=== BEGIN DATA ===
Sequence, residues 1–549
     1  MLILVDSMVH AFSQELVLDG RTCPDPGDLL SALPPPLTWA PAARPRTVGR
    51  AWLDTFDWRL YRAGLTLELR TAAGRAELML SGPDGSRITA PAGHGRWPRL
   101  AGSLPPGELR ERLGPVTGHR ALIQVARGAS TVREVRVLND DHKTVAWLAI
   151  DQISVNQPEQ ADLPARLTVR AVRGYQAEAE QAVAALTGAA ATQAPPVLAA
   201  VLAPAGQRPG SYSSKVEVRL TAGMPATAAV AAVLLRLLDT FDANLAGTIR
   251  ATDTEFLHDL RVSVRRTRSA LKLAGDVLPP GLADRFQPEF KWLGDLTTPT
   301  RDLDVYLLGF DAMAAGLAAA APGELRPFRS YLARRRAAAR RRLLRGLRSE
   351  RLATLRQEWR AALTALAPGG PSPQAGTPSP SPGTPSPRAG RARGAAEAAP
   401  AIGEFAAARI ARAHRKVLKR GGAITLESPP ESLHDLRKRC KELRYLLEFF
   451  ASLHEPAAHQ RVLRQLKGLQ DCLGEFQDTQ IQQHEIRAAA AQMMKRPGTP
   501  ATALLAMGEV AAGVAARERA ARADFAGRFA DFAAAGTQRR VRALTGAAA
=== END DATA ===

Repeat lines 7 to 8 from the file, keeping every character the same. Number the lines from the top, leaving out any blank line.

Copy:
   251  ATDTEFLHDL RVSVRRTRSA LKLAGDVLPP GLADRFQPEF KWLGDLTTPT
   301  RDLDVYLLGF DAMAAGLAAA APGELRPFRS YLARRRAAAR RRLLRGLRSE